How does competition forces that determine mergers and acquisitions influence products pricing? How does this influence affect a heavily reliant informal sector? Strathmore Business School’s senior faculty Dr. Simon Wagura Ndiritu, and an alumnus of the Master of Public Policy and Management, Patrick Chege recently published an article in the Emerald Insight, Journal of Agribusiness in Developing and Emerging Economies category.
The article titled; Effects of Mergers on Processed Milk Market in Kenya , uses the Canadian Competition Policy Merger Simulation Model to determine the effects of the mergers and acquisitions on market prices, consumer welfare, and aggregate profit of the merging firms and those of the non-merging firms. Therefore, answering the question on the overall effect of mergers and acquisitions on different performance measures on milk market using data from all the 34 licensed and active milk processors in Kenya.
Competition in the Dairy market in Kenya
Kenya’s per capita consumption of milk is among the highest in Africa. According to USAID (2013) report the dairy sector in Kenya accounts for about 14% of agricultural GDP and 6-8% of the Country’s Gross Domestic Product. The sector generates an estimated one million jobs at farm level, 500000 in the direct waged employment and 750000 opportunities for those in the support service. The dairy sector production in Kenya is characterized by a bigger number of small-scale farmers taking about 70-80% of the total production. With the emergence of the Kenya Cooperative Creameries (KCC), the sector has significantly developed. The main regions that produce the bulk of the milk in the country are the Rift Valley and Central Kenya. However, the Eastern, Nyanza and Western regions also produce significant quantities of milk. According to Kenya Agricultural Research Institute (KARI) (2013), of the total milk produced, about 60% is marketed through traders, cooperatives, hotels and kiosks.
According to the Techno serve Kenya (2008) report for the East Africa dairy development program, the competition in the dairy processing in Kenya was considered strong. In the year 2008 there were over 50 registered dairy processors but only 30 active one, 80% of the processed milk market was controlled by three large companies that were characterized by fierce competition.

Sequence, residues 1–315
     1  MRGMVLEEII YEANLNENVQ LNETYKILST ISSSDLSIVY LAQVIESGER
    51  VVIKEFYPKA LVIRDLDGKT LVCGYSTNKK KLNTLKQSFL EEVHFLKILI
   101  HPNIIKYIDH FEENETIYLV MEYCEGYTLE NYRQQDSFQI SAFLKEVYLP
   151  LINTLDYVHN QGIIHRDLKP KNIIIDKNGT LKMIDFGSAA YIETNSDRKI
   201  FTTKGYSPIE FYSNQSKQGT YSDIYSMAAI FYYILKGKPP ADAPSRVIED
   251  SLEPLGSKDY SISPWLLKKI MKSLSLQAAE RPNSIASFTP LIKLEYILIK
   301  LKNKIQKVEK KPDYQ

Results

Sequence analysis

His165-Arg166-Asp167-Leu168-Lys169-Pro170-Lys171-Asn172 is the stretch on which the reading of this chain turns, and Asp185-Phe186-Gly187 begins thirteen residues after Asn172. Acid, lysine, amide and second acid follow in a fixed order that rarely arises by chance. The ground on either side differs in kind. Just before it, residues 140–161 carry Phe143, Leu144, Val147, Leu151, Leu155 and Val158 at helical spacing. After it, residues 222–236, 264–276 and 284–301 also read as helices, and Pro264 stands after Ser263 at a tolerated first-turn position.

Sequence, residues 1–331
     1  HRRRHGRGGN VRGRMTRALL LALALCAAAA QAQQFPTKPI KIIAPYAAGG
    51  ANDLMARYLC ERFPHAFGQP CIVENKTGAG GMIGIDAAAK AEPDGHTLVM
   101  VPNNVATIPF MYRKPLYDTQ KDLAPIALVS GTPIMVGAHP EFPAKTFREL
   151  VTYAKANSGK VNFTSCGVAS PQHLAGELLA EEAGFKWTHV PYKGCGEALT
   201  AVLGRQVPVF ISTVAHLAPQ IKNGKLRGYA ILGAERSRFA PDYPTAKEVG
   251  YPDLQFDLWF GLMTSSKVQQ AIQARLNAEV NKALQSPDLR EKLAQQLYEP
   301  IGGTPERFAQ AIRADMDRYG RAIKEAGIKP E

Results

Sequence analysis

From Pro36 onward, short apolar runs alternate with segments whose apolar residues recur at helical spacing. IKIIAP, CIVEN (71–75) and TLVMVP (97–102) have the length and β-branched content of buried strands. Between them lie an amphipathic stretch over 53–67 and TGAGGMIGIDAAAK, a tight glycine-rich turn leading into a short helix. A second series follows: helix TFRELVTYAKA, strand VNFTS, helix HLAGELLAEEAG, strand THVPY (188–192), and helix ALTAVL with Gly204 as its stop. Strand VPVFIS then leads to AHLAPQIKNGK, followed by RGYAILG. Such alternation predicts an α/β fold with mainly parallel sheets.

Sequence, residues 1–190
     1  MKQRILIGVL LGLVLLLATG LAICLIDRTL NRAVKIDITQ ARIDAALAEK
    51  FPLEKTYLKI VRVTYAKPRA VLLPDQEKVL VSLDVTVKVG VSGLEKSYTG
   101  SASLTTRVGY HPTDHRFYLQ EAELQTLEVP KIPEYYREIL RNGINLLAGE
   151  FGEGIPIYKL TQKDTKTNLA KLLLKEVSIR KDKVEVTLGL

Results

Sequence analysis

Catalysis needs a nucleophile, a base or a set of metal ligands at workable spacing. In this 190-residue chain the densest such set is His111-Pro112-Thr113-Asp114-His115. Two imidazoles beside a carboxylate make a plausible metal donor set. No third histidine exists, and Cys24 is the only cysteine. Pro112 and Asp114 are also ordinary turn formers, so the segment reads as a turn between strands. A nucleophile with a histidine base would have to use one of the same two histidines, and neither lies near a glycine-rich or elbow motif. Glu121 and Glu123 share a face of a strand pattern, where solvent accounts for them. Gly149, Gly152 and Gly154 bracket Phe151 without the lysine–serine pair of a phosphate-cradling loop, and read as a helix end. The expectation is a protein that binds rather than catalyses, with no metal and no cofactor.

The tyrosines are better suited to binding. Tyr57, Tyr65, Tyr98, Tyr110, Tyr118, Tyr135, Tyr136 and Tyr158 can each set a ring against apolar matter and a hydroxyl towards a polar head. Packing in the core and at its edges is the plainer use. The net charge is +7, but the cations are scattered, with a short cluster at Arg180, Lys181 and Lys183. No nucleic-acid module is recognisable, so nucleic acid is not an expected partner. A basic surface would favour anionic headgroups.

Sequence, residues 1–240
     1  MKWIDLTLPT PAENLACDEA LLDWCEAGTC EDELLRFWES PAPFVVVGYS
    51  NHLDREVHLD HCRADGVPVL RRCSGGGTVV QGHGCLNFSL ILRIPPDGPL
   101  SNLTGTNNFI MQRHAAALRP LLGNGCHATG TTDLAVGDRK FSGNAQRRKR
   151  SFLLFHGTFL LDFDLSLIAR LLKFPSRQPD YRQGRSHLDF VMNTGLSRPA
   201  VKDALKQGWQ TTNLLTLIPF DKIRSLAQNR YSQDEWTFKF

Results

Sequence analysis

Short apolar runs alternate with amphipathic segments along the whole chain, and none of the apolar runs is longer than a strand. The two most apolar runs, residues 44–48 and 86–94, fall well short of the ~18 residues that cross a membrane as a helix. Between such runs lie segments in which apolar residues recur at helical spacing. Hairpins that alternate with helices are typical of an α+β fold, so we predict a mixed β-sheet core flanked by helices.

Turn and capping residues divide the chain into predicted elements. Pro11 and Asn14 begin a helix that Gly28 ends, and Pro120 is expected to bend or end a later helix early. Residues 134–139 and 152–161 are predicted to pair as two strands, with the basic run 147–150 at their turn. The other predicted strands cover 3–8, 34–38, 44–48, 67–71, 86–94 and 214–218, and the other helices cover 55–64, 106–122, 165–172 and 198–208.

The study found that mergers and acquisitions lead to increase in market shares of the merging firms. The study also found that mergers and acquisitions have a significant effect on product price in the processed milk market. From the findings, the study concludes that mergers and acquisition not only leads to increase in market shares of both merging and non-merging processed milk firms but also creates market dominance due to reduction in the number of market players in the industry.
The relationship between the change in price and the merger or acquisition taking place depends on the market share of the merging firms or the firm being acquired. The larger the size of the market share of the merging firms or the firm being acquired the bigger the change in product price.
It can also be concluded from the results of the study that mergers and acquisitions lead to increase in profits levels of the merging and non-merging firms. However, the merging firms records a higher profit than the non-merging firms due to low post-merger marginal cost recorded, while non-merging firms record high marginal cost. The higher the marginal cost of a firm the lower the profit and vice versa. This is a clear indication of cost leadership in the market by the biggest firms by directly lowering their marginal costs while at the same time increasing the marginal cost of their rival non-merging firms. This also bars other potential entrants from accessing the market and therefore, can be considered as a restrictive trade practice.
The results of the findings also show that there are benefits of being left outside as a non-merging rival as none of the non-merging firms recorded any loss after a merger or acquisition have taken
Arising from the result, the study recommends that there is need for all competition policy practitioners to carry out detailed analysis for proposed mergers or acquisitions before approval. Mergers and acquisitions have different effects on products based on the market and product definition. Therefore, a clear definition of the product market should be done before a merger or an acquisition analysis is done.